15. Raziei G, Masjedi MR, Fotouhi F, et al. The role of 99mTc-MIBI scintigraphy in the management of patients with pulmonary tuberculosis. Eur Rev Med Pharmacol Sci. 2012;16(5):622-629. Observational-Dx 34 patients To determine whether 99mTc-methoxyisobutylisonitrile (MIBI) scanning could improve diagnostic accuracy of pulmonary tuberculosis (PTB) and help clinical decision making for an accurate management. Thirty-four patients with APTB (15 males and 19 females; mean age of 47.85 +/- 1.91 yrs) and 28 cases with IPTB (9 male and 19 females; mean age of 53.96 +/- 2.33 yrs) were included in this study. The sensitivity, specificity, accuracy, positive and negative predictive (PPV and NPV) values of 99mTc-MIBI were 88.2%, 75%, 82.2%, 81.1% and 84% respectively. The mean value of L/NL in the APTB for 99mTc-MIBI was 1.45 +/- 0.18 and L/NST was 1.57 +/- 0.26 which was significant statistically (p < 0.00). 2
16. Kaneko K, Sadashima E, Irie K, et al. Assessment of FDG retention differences between the FDG-avid benign pulmonary lesion and primary lung cancer using dual-time-point FDG-PET imaging. Ann Nucl Med. 2013;27(4):392-399. Observational-Dx 77 patients To clarify FDG retention differences between FDG-avid benign pulmonary lesions (BPLs) and primary lung cancers (PLCs), and between tuberculous and non-tuberculous BPLs using dual-time-point FDG-PET imaging. BPLs and PLCs showed similar high RIs (mean +/- SD 33.6 +/- 22.6 and 32.5 +/- 23.7, respectively; p = 0.95). In BPLs, both tuberculous and non-tuberculous lesions showed high RIs (39.1 +/- 25.8 and 30.3 +/- 20.3, respectively; p = 0.43). However, BPLs and PLCs exhibited a different relationship between RI and SUV1. BPLs tended to show lower RIs with higher SUV1s, and a mild negative correlation, whereas PLCs showed persistent high RIs and no significant correlation. Glut-1 and HK-2 expression was found in 75 and 12.5 % of non-tuberculous BPLs, respectively. 4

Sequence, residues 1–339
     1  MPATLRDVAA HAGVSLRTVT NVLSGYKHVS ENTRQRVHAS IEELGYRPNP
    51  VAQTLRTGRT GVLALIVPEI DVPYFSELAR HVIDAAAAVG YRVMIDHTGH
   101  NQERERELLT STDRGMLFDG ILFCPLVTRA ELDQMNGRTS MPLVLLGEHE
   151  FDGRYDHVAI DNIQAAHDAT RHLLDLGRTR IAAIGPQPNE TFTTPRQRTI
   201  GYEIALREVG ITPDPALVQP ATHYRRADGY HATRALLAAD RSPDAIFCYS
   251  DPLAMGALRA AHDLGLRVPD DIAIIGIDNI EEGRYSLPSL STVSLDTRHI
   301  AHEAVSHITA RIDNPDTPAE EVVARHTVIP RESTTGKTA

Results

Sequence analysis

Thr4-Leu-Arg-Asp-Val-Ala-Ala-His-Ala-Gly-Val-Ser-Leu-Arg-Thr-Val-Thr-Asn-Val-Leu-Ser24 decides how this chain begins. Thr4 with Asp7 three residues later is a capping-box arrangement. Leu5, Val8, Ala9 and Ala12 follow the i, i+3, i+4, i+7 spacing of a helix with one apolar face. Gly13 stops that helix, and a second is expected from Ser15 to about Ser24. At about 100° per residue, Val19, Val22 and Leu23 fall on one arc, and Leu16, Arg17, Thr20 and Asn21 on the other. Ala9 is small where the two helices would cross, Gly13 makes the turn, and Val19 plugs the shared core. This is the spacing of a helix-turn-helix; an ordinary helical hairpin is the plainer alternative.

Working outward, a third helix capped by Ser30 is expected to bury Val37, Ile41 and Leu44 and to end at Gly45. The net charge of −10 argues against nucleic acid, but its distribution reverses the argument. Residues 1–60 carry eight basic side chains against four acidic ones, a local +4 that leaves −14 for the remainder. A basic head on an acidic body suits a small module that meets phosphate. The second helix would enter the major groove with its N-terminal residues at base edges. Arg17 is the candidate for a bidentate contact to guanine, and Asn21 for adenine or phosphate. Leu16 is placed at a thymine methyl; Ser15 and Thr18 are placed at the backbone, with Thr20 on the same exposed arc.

17. Liu SF, Liu JW, Lin MC, Lee CH, Huang HH, Lai YF. Monitoring treatment responses in patients with pulmonary TB using serial lung gallium-67 scintigraphy. AJR Am J Roentgenol. 2007;188(5):W403-408. Observational-Dx 30 patients To monitor treatment responses in patients with pulmonary TB using serial lung gallium-67 scintigraphy Thirty patients (24 men and six women) with pulmonary TB were enrolled. Eighty-six paired semiquantitations of sputum AFB-67Ga-scintigraphic studies were collected. Twenty-six patients were cured of their pulmonary TB. The pulmonary 67Ga uptake increased in proportion to the higher score of semiquantitation of sputum AFB (p = 0.009, for trend). 2